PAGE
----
Money isn't everything to the modern graduate: Paul Gosling on a job-seeker's guide to employers with a social conscience

Click to follow
CONVENTIONAL wisdom has it that in tough times people are grateful for any job they can get. But, according to Sean Hamil, a business analyst and author, job security and a social conscience are more important to today's graduate than getting rich quick.

His book, Britain's Best Employers?, is aimed at that more discerning job-seeker, and compares the practices of top companies on pay and conditions, equality of opportunity and trading policies.

Mr Hamil explained: 'In the late 1980s, when the financial markets were at their peak, over 50 per cent of graduates were leaving their jobs in the first 18 months because they were dissatisfied. Graduate recruitment emphasises money, pensions and benefits, but when you talk to employees, it is the social factors as well that they are interested in.

'People want to know: what is a company's value-added contribution to society? One of the companies I looked at was trying to sell its electronic division at the same time that its graduate recruitment material talked of its long-term future.'

There is a close connection, Mr Hamil said, between a company's financial performance and its attitudes towards its employees and society. 'There was an extraordinary effect from all the borrowing that took place in the 1980s. The companies that are now cutting back on staff and on employment conditions, and not doing anything for the environment, are those that over-borrowed in order to buy other businesses.'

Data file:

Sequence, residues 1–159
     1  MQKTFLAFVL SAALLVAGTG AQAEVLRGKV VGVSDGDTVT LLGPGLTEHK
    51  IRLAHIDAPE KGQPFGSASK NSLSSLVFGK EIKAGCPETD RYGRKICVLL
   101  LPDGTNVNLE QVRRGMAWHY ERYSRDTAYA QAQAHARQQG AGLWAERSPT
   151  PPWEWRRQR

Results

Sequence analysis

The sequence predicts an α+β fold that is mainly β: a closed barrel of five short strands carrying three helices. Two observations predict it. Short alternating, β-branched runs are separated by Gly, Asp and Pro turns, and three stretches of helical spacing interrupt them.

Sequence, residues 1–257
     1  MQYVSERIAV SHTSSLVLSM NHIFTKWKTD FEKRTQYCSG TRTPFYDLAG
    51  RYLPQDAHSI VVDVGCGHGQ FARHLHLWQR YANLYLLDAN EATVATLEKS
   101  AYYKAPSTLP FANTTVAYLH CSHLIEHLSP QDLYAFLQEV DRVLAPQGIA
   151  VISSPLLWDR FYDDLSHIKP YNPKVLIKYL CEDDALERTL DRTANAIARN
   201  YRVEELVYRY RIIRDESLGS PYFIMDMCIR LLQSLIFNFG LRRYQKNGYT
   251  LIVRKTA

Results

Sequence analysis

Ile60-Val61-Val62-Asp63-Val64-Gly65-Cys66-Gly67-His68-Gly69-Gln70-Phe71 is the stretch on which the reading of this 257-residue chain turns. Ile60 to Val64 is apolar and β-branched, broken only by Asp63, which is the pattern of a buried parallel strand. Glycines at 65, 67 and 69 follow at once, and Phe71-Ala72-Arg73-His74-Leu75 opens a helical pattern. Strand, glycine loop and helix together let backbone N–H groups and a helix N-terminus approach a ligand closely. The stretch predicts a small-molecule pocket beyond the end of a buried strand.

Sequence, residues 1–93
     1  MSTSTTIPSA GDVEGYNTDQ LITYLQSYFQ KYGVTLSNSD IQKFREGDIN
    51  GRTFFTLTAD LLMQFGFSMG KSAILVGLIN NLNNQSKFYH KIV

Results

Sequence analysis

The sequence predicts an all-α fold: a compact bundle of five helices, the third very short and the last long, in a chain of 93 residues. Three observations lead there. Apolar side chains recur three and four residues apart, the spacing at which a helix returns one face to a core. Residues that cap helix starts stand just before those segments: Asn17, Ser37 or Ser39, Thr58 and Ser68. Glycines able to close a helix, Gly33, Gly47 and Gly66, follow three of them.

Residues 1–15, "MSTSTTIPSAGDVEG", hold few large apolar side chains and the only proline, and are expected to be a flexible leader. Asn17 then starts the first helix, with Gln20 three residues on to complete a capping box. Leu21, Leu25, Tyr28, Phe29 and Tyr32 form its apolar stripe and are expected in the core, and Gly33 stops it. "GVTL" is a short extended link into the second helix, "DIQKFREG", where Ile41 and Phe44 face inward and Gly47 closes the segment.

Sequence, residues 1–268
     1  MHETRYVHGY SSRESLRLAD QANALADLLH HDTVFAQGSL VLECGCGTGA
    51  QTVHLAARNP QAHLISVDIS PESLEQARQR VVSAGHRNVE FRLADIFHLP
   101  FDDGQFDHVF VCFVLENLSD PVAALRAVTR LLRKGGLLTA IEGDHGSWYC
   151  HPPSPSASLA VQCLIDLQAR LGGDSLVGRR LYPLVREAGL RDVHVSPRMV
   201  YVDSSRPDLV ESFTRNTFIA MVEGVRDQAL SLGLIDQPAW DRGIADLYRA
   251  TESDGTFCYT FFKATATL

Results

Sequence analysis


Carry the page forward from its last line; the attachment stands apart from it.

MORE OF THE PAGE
Mr Hamil said he did not want to give advice to job-seekers, but merely try to inform them to assist in their decisions.

'Someone could choose to work for the John Lewis Partnership, which is employee- owned, pays a good profit- sharing bonus, doesn't borrow to expand and funds new activities out of organic growth. Others may see working for them as a bit boring - too secure - and may want to work for someone like Ratner's, which is 'go, go, go',' he said.

The book also warns job- seekers against automatically taking the most generous conditions of employment on offer. They are advised to assess the quality of management, in the private and public sectors, as a guide to the long-term prospects for both the employer and the employee.

'Some of the best companies for the way they treat employees are badly managed and are insecure,' he said.

'Britain's Best Employers?' by Sean Hamil is published by Kogan Page; pounds 10.95.

(Photograph omitted)